E. J. Dionne mentioned four regular NRO contributors today in his Washington Post column: me, Rich, Reihan, and Ramesh. Dionne noted that we all have called for the GOP to stop focusing nearly exclusively on the glory of the entrepreneur and start focusing its rhetoric and policies on the nobility of work by the average person. That’s all well and good: We’re all on record extensively in that point. But he then jumped into a classic liberal mindset and argued that since we believed that encouraging and assisting work for the average Joe and Jane was a good thing, we should support Senator Patty Murray’s ideas to raise the minimum wage and tweak the tax code to send more money to working-class people. Speaking for myself, I can’t do that, not because I don’t care deeply about the economic straits of the American working class but because I believe Senator Murray’s ideas would not help, even if they are well intentioned.
Take hiking the minimum wage. Most economic evidence, although there are some outliers, suggests that raising the minimum wage will reduce the number of jobs available to the most low-skilled Americans. That troubles me, especially since the modern global economic regime is likely to continue to put economic pressure on Americans who do not have advanced education.
Rather than throw my hands up and say “the market has spoken,” I prefer another approach. I prefer Senator Marco Rubio’s idea of a direct wage subsidy to replace the current Earned Income Tax Credit (and, I suspect, expand it greatly both to treat married couples equally and expand eligibility further up the income scale). I prefer this because I fear that today’s economy places many low-skilled workers in labor markets where their employers must compete ferociously on price, which means any increase in cost must risk damaging the business and, hence, labor-market opportunities for low-skilled, working-class Americans. Walmart, for example, is famous for keeping its cost structure low (even for white-collar workers, as its business-trip policy makes clear); any increase to its cost structure, as a minimum-wage hike would cause, is likely to endanger jobs.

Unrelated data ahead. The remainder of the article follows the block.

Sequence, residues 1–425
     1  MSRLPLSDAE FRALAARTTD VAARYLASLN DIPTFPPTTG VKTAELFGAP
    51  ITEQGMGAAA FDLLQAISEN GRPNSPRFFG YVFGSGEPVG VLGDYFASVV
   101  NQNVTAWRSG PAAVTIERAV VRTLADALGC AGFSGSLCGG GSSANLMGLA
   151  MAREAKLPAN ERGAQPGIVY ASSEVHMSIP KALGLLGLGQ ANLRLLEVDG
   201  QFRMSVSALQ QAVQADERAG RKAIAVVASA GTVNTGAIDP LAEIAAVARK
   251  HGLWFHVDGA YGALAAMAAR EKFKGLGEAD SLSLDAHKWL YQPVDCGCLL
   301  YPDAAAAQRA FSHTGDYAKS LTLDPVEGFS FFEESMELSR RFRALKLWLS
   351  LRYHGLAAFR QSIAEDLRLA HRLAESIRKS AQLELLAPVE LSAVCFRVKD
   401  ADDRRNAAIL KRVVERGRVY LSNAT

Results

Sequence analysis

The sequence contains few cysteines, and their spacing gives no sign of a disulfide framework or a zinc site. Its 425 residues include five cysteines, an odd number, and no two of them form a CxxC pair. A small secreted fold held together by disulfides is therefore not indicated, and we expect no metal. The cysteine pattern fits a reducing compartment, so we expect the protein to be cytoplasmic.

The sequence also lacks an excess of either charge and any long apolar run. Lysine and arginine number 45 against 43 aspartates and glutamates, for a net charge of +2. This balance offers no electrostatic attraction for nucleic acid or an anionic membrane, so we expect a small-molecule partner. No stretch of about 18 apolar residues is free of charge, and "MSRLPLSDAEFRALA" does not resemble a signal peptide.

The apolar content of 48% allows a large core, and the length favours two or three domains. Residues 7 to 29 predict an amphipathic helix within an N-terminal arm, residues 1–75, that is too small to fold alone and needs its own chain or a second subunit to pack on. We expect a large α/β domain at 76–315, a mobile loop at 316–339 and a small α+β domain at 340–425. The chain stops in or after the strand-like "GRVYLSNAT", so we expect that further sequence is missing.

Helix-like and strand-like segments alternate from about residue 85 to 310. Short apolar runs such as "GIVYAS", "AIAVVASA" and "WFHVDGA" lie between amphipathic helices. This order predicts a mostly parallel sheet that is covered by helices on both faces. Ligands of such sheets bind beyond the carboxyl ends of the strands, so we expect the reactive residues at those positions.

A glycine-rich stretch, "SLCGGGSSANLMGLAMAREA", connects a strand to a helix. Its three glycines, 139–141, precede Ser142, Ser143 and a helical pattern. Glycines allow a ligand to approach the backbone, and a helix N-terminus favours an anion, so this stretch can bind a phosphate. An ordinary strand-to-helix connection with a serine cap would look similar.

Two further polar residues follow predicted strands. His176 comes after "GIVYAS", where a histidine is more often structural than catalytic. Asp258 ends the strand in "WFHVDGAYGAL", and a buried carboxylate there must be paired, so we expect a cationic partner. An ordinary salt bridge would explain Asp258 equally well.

Rubio’s proposal essentially socializes the risk, transferring the cost of ensuring that low-skilled workers take home enough to make ends meet from the fiercely competitive sectors of the economy to the less competitive ones. It essentially shifts money from highly paid executives, who presumably do not face significant risk of joblessness and whose businesses are less price-sensitive than are the down-market sectors of the economy, to low-skilled workers. I think that will let low-skilled workers have their labor-market cake and eat their income increases too with less (perhaps little) economic damage. That should be better for the person I care most about, the low-skilled worker, than would the proposals advanced by Senator Murray and Mr. Dionne.
I also take issue with Senator Murray’s other idea, allowing the second earner in a household not to count some (20 percent) of their earnings as gross income when filing income taxes. While this is a salutary idea in theory, building on critiques conservatives have advanced on how phase outs of government benefits can create high effective marginal tax rates that could discourage work or income advancement, it won’t help the working class because of the specifics of the tax code.
Personal exemptions and the standard deduction already exempt the first $28,200 of a family of four’s income from income tax. That family would then receive $2,000 from the child tax credit, which means that the family would have to earn nearly $50,000 to even begin having any income-tax liability. Senator Murray’s proposal would hold almost no benefit for a family below that amount (i.e., the working class) because they already have no tax liability under the current system.
Senator Murray’s proposal would benefit two-earner families who are solidly in the middle class, but I prefer Senator Mike Lee’s approach to doing the exact same thing. He proposes increasing the existing child tax credit to $2,500 a child, and applying it against Social Security and Medicare taxes paid, which would give a middle-income family more money without implicitly discriminating against a stay-at-home parent.
E. J.’s column gives us yet another example that there is a third principled, effective, and caring path that differs from liberalism and neo-libertarianism. It’s called conservatism.
— Henry Olsen is a senior fellow at the Ethics and Public Policy Center.